Friday, December 28, 2012

A Fractured Process

The Journal Sentinel reports, "A new study funded by the petroleum industry says Wisconsin firms employ 20,000 people supporting the unconventional oil and gas business - meaning sand mines, largely. The sand from western Wisconsin is used by drilling companies in North Dakota and other states to unlock underground natural gas and oil supplies in a controversial practice called hydraulic fracturing, or fracking."

Go figure. The industry that gains from fracking has released a study showing how wonderful it is.

Walmart employs people. Sport stadiums employ people. Yet, these are low-wage jobs, usually lacking health care and retirement plans. The mantra of "It creates jobs!" is short-sighted and overblown. Regarding fracking, if those jobs destroy land, water, and leave behind a barren wasteland, it's not really a long-term jobs plan. It's a short-term money grab for the parent company pillaging and plundering the land. Not to mention the negative public health consequences for residents. So yeah, again, not really a good nor sustainable jobs plan. And, definitely not a good plan for a state that prides itself on the natural environment and the beauty and purity of the land.

“Every year, large areas are continually becoming unfertile in spite of efforts to grow vegetation on the degraded mined land.” wrote Mrinal Ghose in the Journal of Scientific and Industrial Research.

As Ellen Cantarow reports, "Boom times for hydraulic fracturing began in 2008 when new horizontal-drilling methods transformed an industry formerly dependent on strictly vertical boring. Frac-sand mining took off in tandem with this development. “It’s huge,” said a U.S. Geological Survey mineral commodity specialist in 2009. “I’ve never seen anything like it, the growth. It makes my head spin.” That year, from all U.S. sources, frac-sand producers used or sold over 6.5 million metric tons of sand — about what the Great Pyramid of Giza weighs. Last month, Wisconsin’s Department of Natural Resources Senior Manager and Special Projects Coordinator Tom Woletz said corporations were hauling at least 15 million metric tons a year from the state’s hills. By July 2011, between 22 and 36 frac-sand facilities in Wisconsin were either operating or approved. Seven months later, said Woletz, there were over 60 mines and 45 processing (refinement) plants in operation. “By the time your article appears, these figures will be obsolete,” claims Pat Popple, who in 2008 founded the first group to oppose frac-sand mining, Concerned Chippewa Citizens (now part of The Save the Hills Alliance)."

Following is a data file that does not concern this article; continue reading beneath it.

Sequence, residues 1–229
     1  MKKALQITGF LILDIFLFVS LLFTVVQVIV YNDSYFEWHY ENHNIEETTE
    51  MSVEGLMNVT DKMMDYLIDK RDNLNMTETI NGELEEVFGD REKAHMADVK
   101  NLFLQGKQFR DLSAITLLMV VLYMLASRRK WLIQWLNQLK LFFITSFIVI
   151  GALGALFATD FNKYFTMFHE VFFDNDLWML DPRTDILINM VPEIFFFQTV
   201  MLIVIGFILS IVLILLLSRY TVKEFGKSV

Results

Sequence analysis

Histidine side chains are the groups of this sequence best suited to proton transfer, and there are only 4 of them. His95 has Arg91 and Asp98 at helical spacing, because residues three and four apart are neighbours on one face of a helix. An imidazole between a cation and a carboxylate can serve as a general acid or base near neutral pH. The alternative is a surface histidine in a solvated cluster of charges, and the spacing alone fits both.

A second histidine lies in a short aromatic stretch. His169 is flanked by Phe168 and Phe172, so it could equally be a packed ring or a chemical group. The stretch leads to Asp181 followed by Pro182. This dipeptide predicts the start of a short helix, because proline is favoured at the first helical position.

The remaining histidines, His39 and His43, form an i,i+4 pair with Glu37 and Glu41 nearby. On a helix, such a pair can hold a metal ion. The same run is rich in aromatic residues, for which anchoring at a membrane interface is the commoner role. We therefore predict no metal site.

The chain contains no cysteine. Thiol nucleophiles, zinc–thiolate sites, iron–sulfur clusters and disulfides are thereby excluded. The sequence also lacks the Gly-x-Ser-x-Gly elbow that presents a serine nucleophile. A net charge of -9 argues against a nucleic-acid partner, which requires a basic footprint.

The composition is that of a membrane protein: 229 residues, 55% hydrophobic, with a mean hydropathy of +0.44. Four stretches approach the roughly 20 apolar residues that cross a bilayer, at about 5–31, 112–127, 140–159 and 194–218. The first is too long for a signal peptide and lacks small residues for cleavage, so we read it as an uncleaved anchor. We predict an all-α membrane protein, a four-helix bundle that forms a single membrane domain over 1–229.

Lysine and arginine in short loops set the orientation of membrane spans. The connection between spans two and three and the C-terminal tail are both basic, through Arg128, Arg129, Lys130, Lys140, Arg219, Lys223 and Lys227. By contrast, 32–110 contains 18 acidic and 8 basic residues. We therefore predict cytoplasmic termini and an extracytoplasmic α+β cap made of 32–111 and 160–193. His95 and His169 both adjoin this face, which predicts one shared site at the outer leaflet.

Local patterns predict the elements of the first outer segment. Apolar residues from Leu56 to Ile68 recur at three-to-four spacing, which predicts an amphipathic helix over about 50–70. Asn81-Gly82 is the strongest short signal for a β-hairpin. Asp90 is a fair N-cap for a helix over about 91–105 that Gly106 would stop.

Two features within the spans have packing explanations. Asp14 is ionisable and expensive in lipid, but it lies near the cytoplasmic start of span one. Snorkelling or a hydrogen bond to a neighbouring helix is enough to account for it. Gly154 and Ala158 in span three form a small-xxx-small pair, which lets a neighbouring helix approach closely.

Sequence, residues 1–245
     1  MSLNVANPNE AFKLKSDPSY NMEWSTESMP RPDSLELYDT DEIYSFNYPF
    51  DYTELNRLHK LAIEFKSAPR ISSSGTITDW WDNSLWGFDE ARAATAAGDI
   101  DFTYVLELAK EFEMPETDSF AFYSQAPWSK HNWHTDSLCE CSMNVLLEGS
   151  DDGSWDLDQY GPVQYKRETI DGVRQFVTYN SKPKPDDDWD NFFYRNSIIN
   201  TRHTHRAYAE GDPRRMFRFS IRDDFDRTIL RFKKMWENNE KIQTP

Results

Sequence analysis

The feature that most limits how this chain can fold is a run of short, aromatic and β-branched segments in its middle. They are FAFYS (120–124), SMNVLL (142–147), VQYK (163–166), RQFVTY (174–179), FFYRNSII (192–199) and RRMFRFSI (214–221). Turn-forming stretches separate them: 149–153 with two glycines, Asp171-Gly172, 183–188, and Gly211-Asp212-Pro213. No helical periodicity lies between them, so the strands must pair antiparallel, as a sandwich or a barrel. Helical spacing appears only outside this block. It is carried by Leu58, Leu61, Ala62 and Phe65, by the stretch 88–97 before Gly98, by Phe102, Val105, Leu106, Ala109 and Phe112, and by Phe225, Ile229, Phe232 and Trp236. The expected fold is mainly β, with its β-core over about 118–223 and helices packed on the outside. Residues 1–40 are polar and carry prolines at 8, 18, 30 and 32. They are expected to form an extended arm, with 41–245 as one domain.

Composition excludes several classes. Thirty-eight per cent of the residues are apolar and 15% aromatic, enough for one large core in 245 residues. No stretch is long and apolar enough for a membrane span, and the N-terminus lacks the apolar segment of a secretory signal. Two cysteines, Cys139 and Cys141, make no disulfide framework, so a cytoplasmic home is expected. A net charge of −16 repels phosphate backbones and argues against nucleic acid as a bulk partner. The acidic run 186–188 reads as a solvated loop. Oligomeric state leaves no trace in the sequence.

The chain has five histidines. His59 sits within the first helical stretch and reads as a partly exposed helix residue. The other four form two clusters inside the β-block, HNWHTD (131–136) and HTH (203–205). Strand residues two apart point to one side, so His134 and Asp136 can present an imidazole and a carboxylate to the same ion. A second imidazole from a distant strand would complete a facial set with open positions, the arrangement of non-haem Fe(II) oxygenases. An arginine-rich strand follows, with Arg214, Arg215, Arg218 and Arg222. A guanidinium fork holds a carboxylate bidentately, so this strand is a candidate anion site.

There are better ways to grow an economy. Much better ways than destroying the land around you. Let's move toward a sustainable, equitable, and safe future for Wisconsin and it's residents. Let's tell the hydraulic fracturers to frack off.

For Further Reading:
Clintonville Booms Caused By Fracking?
The Evolving Truth About Fracking For Natural Gas
How Rural American Got Fracked
In The Name Of Fracking

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